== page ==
The tone became sharper: how the new government of Germany intends to speak with the Russian Federation | Analysis of events in political life and society in Germany | Dw

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“Obviously, the tone towards Russia as a whole has become sharper,” said Hans-Henning Schröder, a well-known expert on Russia, when analyzing the coalition agreement of the new German government. The Coalition Agreement is effectively a governance agenda that was publicly presented on November 24 by the leaders of the Social Democratic Party of Germany (SPD), the Liberal Free Democratic Party (FDP) and the Soyuz 90 / Green Party. start work on December 8.

Along with the tightening of tone, building relations with the Kremlin is no longer viewed in Berlin as a top priority – however, this is partly due to a decrease in attention to the new government’s foreign policy as a whole, experts say. “The election campaign was distinguished by the fact that foreign policy practically did not play any role in it. More or less the only foreign policy and economic topic was Nord Stream 2, but it was not seriously discussed either,” Hans-Henning Schroeder said in an interview with DW …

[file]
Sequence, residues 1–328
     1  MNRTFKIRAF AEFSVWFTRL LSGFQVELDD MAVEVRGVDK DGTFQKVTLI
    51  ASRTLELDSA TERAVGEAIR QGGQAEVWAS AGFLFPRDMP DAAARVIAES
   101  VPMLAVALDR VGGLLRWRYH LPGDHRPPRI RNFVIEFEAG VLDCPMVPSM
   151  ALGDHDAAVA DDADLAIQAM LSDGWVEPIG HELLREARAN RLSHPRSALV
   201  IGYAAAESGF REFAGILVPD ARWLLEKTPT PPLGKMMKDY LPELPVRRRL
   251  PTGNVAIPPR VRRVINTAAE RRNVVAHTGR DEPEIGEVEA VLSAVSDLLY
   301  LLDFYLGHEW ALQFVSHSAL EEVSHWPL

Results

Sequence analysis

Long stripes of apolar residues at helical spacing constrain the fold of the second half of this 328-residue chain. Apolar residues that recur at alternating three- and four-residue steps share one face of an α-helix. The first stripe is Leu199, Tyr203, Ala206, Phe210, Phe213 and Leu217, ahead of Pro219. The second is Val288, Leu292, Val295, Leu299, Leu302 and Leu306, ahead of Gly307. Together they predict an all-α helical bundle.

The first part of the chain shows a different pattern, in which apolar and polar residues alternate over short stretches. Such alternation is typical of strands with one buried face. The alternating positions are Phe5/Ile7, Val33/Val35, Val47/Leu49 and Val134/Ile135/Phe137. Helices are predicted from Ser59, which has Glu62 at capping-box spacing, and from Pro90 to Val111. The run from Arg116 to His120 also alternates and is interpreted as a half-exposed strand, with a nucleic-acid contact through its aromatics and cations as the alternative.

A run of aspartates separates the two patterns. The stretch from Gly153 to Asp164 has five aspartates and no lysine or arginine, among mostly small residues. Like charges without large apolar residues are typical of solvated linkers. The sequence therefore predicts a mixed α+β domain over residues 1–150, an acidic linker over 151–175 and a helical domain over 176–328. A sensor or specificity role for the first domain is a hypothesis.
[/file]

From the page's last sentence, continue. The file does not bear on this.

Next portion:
Hans-Henning Schroeder

The program of work of the new government of the Federal Republic of Germany does not give an answer about what exactly Berlin’s course towards Russia will be, the political scientist believes. “Of course, the text of the agreement says that Russia is an important partner. But it is not clear how the coalition members are going to build relations between the European Union and the Russian Federation, on the one hand, and German-Russian relations, on the other,” Schroeder said. The political scientist draws attention to a number of demands on Russia, for example, to stop attempts to destabilize Ukraine. “There is a clear wish for greater security in Eastern Europe and the observance of the interests of the Central and Eastern European states. This is all correct and great, but these wishes do not add up to a single concept,” criticizes Hans-Henning Schroeder.